Last year saw the introduction of a direct renin antagonist (RA), the first new class of antihypertensive medications to enter the market in more than a decade. Not since the release of angiotensin receptor blockers (ARBs) and T-subtype calcium channel blockers (CCBs) have practitioners had a new choice in controlling one of the most common and potentially devastating diseases in the United States. ARBs have slowly progressed to become a common, if expensive, therapeutic alternative, while T-subtype CCBs had a market run cut short by unforeseen fatal toxicities. This review will focus on the first agent of the RA class, aliskiren (Tekturna), reviewing its pharmacology, clinical trials, and pertinent patient-counseling information while trying to put into context its current and potential place in therapy.
Renin, secreted by the kidneys in
response to poor renal perfusion and low serum sodium levels, starts the chain
of events that characterize the renin-angiotensin system (RAS), ultimately
leading to an increase in active angiotensin II. Angiotensin II acts by
increasing vasoconstriction and sodium reabsorption, increasing blood pressure
(BP). Aliskiren acts as a direct renin antagonist, blocking the conversion of
angiotensinogen to angiotensin I. While this may seem similar to
angiotensin-converting enzyme (ACE) inhibitors and ARBs, a mechanism unique to
RAs is the ability to blunt the plasma renin activity (PRA) that is increased
when these other agents are used. The clinical relevance of this blunted PRA
is unclear at this time.1 An overview of the RAS and agents that
work upon it are presented in FIGURE 1.
Aliskiren exhibits minimal oral absorption (~2.5%) and has a plasma half-life of approximately 24 hours. A majority of the dose is hepatically metabolized by the CYP3A4 pathway, with 25% excreted unchanged in the urine.1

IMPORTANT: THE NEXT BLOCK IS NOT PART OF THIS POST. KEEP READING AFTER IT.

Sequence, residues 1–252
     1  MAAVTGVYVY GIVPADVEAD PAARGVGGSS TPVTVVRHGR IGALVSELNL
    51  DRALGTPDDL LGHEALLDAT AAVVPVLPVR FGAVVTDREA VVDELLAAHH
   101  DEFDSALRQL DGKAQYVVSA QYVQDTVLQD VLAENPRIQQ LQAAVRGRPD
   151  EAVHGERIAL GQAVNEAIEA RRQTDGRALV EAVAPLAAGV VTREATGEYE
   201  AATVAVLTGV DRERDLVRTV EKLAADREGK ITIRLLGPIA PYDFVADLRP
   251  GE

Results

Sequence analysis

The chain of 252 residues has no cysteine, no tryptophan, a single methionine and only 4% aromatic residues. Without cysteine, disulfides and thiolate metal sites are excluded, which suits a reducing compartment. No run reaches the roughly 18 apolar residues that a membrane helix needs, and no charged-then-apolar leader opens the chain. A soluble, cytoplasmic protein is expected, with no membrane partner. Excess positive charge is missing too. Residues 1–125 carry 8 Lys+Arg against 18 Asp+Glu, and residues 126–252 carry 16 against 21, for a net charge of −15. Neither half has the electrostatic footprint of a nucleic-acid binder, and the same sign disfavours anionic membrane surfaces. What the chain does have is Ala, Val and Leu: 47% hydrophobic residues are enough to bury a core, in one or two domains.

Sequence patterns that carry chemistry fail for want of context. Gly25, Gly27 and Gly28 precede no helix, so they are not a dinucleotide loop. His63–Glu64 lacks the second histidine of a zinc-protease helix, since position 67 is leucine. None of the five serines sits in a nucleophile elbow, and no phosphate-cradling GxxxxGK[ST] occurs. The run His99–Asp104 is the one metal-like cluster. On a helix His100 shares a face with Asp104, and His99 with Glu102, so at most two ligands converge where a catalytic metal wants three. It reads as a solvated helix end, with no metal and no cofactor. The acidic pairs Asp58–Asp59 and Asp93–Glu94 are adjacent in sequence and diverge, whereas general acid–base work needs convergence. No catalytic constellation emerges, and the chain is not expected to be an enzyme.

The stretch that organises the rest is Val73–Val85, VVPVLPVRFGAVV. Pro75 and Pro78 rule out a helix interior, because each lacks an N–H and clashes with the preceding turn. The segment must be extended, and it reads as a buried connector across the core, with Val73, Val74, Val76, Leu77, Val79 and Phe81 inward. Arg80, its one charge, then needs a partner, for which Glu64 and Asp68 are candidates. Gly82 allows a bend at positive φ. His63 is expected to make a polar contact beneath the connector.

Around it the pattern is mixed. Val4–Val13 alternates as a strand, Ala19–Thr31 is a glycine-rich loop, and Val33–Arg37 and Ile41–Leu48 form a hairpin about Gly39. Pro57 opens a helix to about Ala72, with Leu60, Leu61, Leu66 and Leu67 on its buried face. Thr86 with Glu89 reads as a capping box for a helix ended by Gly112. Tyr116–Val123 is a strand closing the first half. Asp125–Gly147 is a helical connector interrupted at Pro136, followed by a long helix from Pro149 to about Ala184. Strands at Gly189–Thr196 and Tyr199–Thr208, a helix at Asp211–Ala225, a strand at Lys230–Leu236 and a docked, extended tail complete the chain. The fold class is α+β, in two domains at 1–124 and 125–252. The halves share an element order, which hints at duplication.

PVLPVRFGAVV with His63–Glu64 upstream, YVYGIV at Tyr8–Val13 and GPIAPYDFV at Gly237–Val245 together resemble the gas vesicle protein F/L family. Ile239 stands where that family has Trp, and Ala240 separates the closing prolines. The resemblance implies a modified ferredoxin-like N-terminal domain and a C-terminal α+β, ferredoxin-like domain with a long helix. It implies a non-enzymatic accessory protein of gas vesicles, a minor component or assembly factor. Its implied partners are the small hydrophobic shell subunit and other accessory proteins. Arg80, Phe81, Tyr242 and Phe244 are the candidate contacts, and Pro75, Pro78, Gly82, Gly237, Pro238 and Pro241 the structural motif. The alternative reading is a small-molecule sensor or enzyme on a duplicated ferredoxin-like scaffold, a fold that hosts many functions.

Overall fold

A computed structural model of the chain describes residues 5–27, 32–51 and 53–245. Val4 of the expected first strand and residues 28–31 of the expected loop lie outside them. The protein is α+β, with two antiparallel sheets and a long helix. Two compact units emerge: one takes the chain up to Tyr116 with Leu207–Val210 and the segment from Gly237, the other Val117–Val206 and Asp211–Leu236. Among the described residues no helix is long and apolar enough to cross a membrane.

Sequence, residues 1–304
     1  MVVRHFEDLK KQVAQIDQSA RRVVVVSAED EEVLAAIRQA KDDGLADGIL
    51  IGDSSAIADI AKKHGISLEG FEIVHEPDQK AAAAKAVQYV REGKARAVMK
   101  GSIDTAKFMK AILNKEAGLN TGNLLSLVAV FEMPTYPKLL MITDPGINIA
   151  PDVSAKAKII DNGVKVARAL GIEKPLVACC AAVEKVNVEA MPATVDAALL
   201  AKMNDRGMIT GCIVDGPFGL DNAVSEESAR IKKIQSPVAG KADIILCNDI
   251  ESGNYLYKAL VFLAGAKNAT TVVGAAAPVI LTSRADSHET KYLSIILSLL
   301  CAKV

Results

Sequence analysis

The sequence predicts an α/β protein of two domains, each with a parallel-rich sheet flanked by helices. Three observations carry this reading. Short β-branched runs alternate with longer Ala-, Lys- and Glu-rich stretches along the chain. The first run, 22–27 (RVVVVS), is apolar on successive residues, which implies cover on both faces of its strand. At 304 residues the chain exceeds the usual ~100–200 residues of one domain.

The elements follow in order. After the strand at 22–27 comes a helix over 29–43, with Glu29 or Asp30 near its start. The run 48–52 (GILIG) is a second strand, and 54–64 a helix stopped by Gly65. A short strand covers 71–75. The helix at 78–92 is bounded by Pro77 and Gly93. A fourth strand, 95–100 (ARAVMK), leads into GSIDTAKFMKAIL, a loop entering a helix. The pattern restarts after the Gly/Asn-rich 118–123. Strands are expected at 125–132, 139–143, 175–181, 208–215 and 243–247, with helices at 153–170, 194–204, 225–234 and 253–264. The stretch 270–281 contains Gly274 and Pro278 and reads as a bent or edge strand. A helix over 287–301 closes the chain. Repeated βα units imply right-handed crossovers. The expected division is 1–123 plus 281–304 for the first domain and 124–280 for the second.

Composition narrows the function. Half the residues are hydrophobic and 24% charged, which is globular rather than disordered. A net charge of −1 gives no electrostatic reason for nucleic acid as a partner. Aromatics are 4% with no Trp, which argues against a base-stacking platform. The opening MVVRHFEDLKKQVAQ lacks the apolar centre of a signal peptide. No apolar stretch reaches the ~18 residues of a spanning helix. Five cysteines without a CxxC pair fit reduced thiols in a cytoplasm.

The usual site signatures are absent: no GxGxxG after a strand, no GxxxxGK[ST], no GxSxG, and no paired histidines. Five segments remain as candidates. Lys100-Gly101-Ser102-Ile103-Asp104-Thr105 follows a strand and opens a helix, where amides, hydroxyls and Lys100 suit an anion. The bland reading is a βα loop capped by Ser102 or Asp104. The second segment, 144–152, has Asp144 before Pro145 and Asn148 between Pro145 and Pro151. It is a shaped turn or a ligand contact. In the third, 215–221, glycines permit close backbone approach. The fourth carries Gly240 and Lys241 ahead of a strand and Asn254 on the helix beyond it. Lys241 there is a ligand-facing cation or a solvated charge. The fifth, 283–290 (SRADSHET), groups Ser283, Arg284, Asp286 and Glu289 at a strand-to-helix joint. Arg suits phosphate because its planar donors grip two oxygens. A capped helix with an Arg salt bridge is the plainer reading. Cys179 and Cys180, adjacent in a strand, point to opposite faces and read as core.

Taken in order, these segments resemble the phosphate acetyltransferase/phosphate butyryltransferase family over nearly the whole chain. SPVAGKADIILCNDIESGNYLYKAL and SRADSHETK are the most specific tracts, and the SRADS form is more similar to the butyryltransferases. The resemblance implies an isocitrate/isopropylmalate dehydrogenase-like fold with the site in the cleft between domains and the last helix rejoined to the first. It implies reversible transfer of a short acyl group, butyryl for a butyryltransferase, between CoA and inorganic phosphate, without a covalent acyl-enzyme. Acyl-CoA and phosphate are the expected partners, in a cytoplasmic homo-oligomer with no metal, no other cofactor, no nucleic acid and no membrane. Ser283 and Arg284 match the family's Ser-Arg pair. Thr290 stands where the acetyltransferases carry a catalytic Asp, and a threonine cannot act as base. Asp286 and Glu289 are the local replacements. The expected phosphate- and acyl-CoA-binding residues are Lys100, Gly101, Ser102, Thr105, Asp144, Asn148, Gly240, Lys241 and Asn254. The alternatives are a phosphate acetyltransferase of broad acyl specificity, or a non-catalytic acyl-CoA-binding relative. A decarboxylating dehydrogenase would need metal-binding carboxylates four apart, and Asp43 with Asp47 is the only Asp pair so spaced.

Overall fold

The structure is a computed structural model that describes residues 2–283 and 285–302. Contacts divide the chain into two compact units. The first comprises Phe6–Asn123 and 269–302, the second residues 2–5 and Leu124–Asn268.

Dosing and Drug Interactions
Aliskiren is currently indicated for the treatment of hypertension, either alone or in combination with other agents. Its use has not been studied in combination with maximal doses of ACE inhibitors, and this type of combination should only be used cautiously.1
Aliskiren should be taken once daily, preferably at the same time each day. Patients will typically be started at 150 mg and titrated up to 300 mg per day as needed. Doses above 300 mg per day do not result in additional BP reduction and are not approved. 1
Aliskiren does not appear to inhibit or induce known hepatic metabolic pathways. Through an unknown mechanism, the medication seems to reduce the blood levels of furosemide by approximately 50%. Both ketoconazole and atorvastatin increased aliskiren levels, while irbesartan appears to decrease aliskiren levels. The clinical significance of these interactions is unknown. Aliskiren has not been studied in patients receiving warfarin therapy.1
Practical Considerations and Patient Counseling
Aliskiren shares many of the same practical considerations for pharmacists as other classes of medications that act on the RAS. As with ACE inhibitors and ARBs, RAs may cause severe angioedema or subcutaneous swelling. This toxicity can involve any part of the body and can occur at any point of drug therapy. In the event that the larynx, tongue, or mouth is involved, this reaction can be life threatening and patients should seek immediate emergency medical care. Increases in serum potassium are also common to ACE inhibitors, ARBs, and RAs. Combinations of any of these agents will increase potassium levels more than any agent used alone.1
Pregnancy is a contraindication to the use of any agent working directly on the RAS. The fetal toxicities with ACE inhibitors and ARBs are thought to occur in the second and third trimesters, and the same is assumed to be true with the RAs. 1
Aliskiren has been shown to significantly reduce the blood levels of furosemide. Patients receiving these two agents concurrently should be monitored closely for loss of furosemide efficacy. Aliskiren does not appear to cause rebound hypertension when discontinued abruptly. Although patients should be counseled for compliance, noncompliance may not be as dangerous with this class as with agents that cause rebound hypertension (i.e., beta-blockers and direct vasodilators). The most common adverse effect of aliskiren is mild diarrhea, which usually resolves within the first few weeks of therapy.1